Hear No Evil

Dear Jewish Fairy Godmother:

I have the same problem in two areas of my life: a new friend who is
also a neighbor I genuinely like and trust, and a person I have just
started dating and, while I don’t know how fast or deep it will go, is
certainly the most interesting person I have met in a long time. In
each case the person has a teenaged chills from a prior marriage and
in each case I have heard from my friend about the problems with
their ex, and with the difficulties of creating a solid ongoing
relationship with a child who lives part of the time with someone who
bears them great enmity. The problems that the exes create
(according to the new friends) are both emotional and financial, and in
each case my new friend presents themselves as a relatively private
person and their ex as a person who trash-talks them publicly for
their ostensible failures as a parent. The evidence is that when I have
said to my old friends that I am befriending the new friends, I have
heard things like” I hear s/he…isn’t paying for her son’s college……or
He doesn’t take enough time to spend with his kid….or He doesn’t even
have a set-aside bedroom for the child who has shared custody with.”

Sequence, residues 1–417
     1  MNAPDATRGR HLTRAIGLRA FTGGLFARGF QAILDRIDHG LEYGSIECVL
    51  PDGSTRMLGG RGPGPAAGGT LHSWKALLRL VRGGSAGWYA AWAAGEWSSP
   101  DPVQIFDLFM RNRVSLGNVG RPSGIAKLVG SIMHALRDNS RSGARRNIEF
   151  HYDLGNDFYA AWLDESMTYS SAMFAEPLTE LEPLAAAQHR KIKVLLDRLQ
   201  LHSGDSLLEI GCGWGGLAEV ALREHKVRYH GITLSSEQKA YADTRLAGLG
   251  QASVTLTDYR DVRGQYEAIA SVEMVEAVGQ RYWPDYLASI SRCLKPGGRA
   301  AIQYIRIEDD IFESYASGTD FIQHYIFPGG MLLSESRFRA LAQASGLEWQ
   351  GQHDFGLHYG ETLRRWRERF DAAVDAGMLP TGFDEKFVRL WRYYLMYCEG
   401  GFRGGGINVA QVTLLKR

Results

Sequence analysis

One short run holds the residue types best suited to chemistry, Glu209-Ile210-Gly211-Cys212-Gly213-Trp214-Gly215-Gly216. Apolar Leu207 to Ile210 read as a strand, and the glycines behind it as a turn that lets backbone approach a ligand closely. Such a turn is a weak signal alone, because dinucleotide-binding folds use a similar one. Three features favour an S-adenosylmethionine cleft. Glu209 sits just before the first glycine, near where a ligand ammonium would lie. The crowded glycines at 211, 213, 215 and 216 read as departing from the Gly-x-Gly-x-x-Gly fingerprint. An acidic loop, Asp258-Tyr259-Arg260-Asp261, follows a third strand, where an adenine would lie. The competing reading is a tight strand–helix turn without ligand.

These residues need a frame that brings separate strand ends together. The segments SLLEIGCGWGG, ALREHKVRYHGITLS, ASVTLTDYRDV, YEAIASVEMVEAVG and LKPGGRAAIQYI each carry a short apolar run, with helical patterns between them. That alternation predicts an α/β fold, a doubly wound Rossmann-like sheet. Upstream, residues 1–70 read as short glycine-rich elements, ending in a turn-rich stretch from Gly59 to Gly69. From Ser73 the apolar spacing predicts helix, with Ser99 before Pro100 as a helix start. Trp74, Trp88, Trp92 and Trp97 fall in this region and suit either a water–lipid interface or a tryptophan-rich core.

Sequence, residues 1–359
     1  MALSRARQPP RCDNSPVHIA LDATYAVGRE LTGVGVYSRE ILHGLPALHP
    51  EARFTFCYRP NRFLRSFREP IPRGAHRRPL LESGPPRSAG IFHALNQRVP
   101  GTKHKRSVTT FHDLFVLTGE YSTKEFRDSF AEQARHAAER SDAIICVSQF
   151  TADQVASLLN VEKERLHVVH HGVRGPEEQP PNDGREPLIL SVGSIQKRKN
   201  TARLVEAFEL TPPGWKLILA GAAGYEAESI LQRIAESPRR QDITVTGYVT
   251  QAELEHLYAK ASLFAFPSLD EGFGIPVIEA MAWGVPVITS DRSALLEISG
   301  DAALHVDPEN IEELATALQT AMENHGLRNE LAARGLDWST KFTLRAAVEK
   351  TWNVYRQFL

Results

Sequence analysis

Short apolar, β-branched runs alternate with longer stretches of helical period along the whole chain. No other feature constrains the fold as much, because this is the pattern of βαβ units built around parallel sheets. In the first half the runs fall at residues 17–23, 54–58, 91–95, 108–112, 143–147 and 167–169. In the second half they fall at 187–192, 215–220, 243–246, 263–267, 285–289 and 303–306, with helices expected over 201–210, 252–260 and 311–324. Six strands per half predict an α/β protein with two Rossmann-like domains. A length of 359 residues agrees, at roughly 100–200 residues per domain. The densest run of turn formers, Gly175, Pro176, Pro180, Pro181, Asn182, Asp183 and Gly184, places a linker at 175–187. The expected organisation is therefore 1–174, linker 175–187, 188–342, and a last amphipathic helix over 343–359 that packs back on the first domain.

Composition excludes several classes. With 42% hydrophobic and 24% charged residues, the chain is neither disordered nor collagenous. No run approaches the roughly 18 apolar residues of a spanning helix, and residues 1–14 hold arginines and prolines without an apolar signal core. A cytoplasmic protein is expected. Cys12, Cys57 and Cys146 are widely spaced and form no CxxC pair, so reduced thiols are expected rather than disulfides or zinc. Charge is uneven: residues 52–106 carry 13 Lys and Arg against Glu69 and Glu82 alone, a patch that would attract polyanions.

How should I respond?

Hear No Evil

Dear Hear No Evil:

I get letters about a lot of problems that are nuanced and require
carefully articulated responses for people to try to communicate to
others in difficulty emotional circumstances. Generally it is harder to
deal with problems that affect your direct interpersonal relationships
with people than it is to discuss third parties. You are in a position not
only to communicate with people that are old friends in ways that set
or reinforce your standards about gossip and trash-talking, but also to
perhaps influence the loose talk about your new friends.

Your answer should be short and sweet: I know s/he and the ex have
a tough relationship. I have heard a different version of things. I’m not
saying one side or the other is all right or all wrong. But I am saying
there’s absolutely more than one side to the issues. And while the ex
may be vocal and my new friend may be less so, I’d be careful about
believing everything you hear. I’m not going to. Before you repeat this
gossip, I suggest you ask my new friend directly when you meet
him/her, and then draw your own conclusions. They’re unlikely to be
so direct, but odds are they’ll stop talking badly about your new friend,
at least to you.